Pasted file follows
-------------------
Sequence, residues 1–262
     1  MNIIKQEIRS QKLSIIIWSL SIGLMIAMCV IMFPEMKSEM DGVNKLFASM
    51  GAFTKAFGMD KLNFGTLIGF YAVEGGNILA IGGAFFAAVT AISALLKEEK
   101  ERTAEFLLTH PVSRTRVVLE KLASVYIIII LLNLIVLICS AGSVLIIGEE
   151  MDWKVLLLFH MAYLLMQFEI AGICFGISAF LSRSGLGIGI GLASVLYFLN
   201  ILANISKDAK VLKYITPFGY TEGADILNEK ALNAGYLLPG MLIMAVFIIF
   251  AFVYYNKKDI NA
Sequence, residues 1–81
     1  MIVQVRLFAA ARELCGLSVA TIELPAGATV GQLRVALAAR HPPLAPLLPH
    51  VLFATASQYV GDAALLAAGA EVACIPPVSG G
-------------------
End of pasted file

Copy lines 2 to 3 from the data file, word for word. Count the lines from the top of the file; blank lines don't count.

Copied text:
     1  MNIIKQEIRS QKLSIIIWSL SIGLMIAMCV IMFPEMKSEM DGVNKLFASM
    51  GAFTKAFGMD KLNFGTLIGF YAVEGGNILA IGGAFFAAVT AISALLKEEK